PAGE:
Today: 22/05/2018 03:50:06 (GMT+7)

Value chain when farmers partner with businesses

(BGO) – With a leading role in value chains, a number of enterprises have partnered with farmers, cooperatives, production associations and craft villages in production and sale, bringing local products to modern retail outlets and foreign markets. Bac Giang province is offering numerous supporting policies for such partnership models.


Value chain, farmers, businesses, Bac Giang

The “Luc Ngan-Bac Giang Lychee Week in Hanoi” attracts a large number of entrepreneurs and consumers, helping to connect supply and demand.

Narrowing production – consumption gap

Agricare Vietnam Co. Ltd is a leading business in supplying services and trading agricultural products, which was recognised as a nation-level partner by the Vietnam Cooperative Alliance. Having acknowledged big business opportunities in Bac Giang, it has cooperated with cooperatives and residents in Luc Ngan district to grow lychees under GlobalGAP standards for sales in supermarkets and for export. It is applying this method to orange, grapefruit and rice cultivation in the province. General Director Dam Quang Thang said his company cooperates with farmers through cooperatives and production associations to ensure product safety and supply sources. “Last year, more than 10 tonnes of Luc Ngan lychees were easily exported to Australia since they met five requirements set by this country regarding farming area, package, label, irradiation and quarantine. In 2017, our company will take part in zoning off cultivation areas and work with farmers to produce and manage the quality of agricultural products from caring, harvesting to processing and exporting to Australia by sea,” Thang stressed.

Also benefiting from the participation in value chains, tens of noodle making households in Dinh Ke ward (Bac Giang city), Nam Duong commune (Luc Ngan district), and Ngoc Chau commune (Tan Yen district), through specialised cooperatives, have made products under the brand name “My Ke” (Ke Noodles), “My Chu” (Chu Noodles) and “My Chau Son” (Chau Son Noodles) with stable orders from enterprises. Director of the Ke Noodles Cooperative Giap Dong Phong said: “Each year, our cooperative provides some 1,400 tonnes of noodles for Bac Ninh, Nghe An, Hai Phong and Hanoi. Thanks to the help of the provincial Department of Industry and Trade, the volume of noodles supplied for Hanoi increased sharply last year when we cooperated with some businesses in the capital city. Order-based production has encouraged cooperative members to focus on making high-quality products.”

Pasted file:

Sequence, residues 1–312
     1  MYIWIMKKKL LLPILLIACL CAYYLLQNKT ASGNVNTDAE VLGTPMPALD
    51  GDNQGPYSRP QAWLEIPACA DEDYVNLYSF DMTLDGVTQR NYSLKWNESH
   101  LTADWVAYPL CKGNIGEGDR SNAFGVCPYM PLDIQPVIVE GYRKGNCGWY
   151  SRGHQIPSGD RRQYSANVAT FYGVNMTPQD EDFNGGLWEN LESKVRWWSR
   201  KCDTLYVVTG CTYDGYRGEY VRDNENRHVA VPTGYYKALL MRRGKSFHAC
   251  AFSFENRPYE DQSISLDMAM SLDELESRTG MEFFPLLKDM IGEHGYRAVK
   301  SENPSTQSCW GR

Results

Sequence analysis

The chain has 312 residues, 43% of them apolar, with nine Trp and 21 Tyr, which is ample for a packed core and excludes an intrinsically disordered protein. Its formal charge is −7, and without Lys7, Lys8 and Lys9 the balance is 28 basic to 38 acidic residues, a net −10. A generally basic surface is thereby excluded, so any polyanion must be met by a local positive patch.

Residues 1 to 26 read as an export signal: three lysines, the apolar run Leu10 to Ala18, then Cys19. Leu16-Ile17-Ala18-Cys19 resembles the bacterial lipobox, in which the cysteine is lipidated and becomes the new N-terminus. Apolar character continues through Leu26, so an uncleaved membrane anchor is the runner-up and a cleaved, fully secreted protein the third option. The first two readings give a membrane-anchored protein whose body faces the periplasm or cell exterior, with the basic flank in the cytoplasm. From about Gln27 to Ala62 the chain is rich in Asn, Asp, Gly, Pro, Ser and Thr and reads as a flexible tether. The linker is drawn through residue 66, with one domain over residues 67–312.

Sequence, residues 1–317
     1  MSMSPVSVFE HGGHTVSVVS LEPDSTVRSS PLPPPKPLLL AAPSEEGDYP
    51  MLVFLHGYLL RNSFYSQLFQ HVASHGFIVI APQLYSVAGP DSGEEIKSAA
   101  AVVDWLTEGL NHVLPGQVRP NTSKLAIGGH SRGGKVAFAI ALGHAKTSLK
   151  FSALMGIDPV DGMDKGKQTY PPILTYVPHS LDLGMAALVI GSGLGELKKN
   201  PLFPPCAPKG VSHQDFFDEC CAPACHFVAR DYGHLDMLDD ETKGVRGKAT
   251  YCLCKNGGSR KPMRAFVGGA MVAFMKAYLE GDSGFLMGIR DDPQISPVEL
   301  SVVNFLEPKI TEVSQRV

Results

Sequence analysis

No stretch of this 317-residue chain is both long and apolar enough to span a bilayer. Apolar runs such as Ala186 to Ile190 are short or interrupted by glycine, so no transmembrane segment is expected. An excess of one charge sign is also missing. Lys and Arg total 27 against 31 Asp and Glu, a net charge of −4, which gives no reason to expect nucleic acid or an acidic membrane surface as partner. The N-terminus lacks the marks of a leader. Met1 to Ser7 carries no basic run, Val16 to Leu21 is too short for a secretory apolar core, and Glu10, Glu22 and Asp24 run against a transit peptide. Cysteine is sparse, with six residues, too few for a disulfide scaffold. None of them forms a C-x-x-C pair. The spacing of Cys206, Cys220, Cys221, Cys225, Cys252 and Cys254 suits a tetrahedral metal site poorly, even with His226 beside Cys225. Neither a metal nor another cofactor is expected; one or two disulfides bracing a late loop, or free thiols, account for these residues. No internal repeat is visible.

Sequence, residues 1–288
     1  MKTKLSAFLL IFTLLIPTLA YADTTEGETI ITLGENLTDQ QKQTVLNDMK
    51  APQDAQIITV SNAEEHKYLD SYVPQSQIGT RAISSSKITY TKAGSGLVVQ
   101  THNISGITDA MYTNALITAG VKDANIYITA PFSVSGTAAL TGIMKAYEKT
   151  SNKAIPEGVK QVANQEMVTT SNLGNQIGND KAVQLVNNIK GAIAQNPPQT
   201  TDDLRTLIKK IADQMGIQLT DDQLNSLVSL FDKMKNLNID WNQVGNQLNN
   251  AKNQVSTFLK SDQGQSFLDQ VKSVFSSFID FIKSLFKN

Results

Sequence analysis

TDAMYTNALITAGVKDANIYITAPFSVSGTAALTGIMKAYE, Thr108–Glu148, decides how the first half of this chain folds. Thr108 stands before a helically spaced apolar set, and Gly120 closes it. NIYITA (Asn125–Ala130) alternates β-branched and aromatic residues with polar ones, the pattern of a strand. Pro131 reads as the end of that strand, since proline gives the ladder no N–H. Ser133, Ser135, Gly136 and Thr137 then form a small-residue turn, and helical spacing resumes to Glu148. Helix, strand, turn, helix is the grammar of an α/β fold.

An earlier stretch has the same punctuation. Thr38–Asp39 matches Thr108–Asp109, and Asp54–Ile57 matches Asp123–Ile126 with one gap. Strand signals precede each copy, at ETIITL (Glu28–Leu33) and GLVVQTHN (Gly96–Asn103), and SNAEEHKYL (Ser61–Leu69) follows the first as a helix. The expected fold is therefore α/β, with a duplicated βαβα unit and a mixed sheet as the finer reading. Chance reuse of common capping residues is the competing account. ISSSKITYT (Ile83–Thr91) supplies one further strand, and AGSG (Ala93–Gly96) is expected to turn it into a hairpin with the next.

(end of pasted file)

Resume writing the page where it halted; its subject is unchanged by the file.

In Yen The district, thousands of chicken farming families have also tightened partnerships with buyers, cooperatives, the Yen The chicken association, and processors, forming a value chain from production to consumption. Nguyen Xuan Hieu, the owner of a chicken farm in Dong Tam commune, said: “Farmers have inked contracts with businesses to raise chickens under safety standards and with double checks. In turn, businesses also process chicken in modern lines to meet customers’ demand and for sale in modern supermarkets.”

Enterprises affirm central role

In recent years, win-win partnerships among businesses, cooperatives and farmers have been growing. Nguyen Van Tien, Director of the Department for Agriculture and Rural Areas under the Party Central Committee’s Commission for Economic Affairs, said “that is an inevitable trend of mass production.” Production is still conducted by separate households at present. It is a must for farmers to connect with enterprises and cooperatives under value chains to ensure sustainable development. In that connectivity, businesses are a key factor which provide materials and ensure the sale of goods while cooperatives organise production activities and connect farmers with companies. Once this relationship is promoted, the quality and quantity of goods are ensured, while their origins are easily traced, thereby meeting the modern market’s demand.